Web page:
The energy industry is the engine of Trinidad’s economy, and we have a very large service industry supporting that. As work in the energy industry picks up, we’re going to find more SMEs, which make up the majority of the economy, expanding their offering. For example, companies in the PPE businesses have improved their offering. An employer has to make sure that their workforce is driven and the company is sustainable, and sometimes that takes innovating.

How can the Trinidadian government address the impact of brain drain in the country?
Angela LEE LOY: The government continues to look at the entire curriculum as well as exploring their digitisation and technological needs. Execution and speed are key here. The government must always review the fields of study in which scholarships are given. They should be awarded to the fields of study in which the country currently needs employees. We must optimise on this. If we don’t change our approach quickly, we will continue to lose talent.

Do you see room for improvement in the labour pool of the local and regional energy industry?
Angela LEE LOY: We have all the necessary engineering personnel – mechanical, petroleum and chemical engineers. What is important is to have not only technical qualifications, but also a business qualification to support them. We have all the relevant technical programmes available but they need more mentorship and guidance.
We have the talent in the energy sector but one area that is needed is mentoring. We need more leaders in the industry to mentor young professionals in order to gain a broad experience as future leaders.
We need people who can make change and the best way to achieve that is to have the technical knowledge coupled with a business understanding so they can have a much broader perspective.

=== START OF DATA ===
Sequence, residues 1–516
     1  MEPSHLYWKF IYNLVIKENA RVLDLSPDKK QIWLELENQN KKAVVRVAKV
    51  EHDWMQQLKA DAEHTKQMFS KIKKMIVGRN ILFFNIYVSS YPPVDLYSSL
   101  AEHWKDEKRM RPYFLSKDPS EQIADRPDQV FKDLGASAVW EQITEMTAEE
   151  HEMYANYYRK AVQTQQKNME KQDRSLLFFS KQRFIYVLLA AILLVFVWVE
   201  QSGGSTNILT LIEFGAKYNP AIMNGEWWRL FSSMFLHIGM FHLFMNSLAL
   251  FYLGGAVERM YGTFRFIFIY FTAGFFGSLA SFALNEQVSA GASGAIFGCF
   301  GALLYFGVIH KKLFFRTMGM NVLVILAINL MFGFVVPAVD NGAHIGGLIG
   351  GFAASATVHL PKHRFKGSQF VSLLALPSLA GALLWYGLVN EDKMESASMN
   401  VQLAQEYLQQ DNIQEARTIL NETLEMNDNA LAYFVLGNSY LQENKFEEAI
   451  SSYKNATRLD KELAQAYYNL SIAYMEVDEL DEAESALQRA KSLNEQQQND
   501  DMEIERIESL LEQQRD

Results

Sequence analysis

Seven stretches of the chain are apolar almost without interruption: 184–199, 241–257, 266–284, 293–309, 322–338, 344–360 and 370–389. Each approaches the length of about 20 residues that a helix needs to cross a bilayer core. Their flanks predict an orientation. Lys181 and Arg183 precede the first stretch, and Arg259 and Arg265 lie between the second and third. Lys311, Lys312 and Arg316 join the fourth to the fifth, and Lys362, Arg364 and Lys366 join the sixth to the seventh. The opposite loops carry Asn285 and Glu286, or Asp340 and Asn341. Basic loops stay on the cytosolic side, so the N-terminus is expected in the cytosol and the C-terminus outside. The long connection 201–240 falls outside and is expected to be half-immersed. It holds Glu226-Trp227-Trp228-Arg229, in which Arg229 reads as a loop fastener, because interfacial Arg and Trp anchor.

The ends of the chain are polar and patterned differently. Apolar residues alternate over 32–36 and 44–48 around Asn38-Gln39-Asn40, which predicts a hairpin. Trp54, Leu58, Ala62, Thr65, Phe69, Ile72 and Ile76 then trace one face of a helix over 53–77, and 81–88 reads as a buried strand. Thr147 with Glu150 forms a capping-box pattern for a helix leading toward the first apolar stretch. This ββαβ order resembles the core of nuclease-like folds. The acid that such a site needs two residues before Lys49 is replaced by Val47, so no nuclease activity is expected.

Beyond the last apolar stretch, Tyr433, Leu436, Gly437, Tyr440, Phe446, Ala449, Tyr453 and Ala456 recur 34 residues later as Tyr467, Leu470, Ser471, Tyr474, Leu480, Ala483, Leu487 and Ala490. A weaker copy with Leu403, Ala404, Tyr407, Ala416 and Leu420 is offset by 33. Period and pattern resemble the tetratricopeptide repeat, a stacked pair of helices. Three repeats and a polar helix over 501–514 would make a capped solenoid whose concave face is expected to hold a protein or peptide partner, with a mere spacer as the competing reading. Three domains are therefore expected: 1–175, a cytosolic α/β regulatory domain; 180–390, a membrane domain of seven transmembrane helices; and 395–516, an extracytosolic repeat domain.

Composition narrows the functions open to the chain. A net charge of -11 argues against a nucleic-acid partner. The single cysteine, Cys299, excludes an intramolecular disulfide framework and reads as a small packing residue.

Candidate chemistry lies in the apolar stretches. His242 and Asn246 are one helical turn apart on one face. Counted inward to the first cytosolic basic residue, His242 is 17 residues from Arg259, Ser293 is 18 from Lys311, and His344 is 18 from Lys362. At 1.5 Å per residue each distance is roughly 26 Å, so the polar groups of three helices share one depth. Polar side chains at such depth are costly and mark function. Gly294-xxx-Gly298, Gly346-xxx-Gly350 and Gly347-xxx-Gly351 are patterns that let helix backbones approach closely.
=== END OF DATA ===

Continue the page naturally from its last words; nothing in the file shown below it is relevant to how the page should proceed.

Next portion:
What would you say is an imperative skill to have in any human resource pool?
Angela LEE LOY: One of the key factors in good human resources for any type of business is soft skills. Soft skills are necessary for knowing how to integrate with people and the higher echelons of your colleagues. It is not something that can be found in the textbooks, but you can be educated on them, and that makes for a better workforce.

How would you assess Trinidad and Tobago’s expertise and potential to further develop the strength of its energy industry?
Angela LEE LOY: Trinidad has a long history in the energy industry. We have all the big players here – the global companies – and what we see happening now more than ever is camaraderie and the ability for companies to consult among themselves. Whether a company operates in the upstream or the downstream, consultation is a strength and allows for mutual support and the generation of brilliant ideas. As more collaboration happens, it can strengthen our energy sector and allow us to extend our reach.
There are a lot of opportunities abroad as well where Trinidad and Tobago can play a major role as we have the infrastructure for export. As more collaboration happens, we can support global companies choosing Trinidad and Tobago as a key destination for doing business in the energy sector.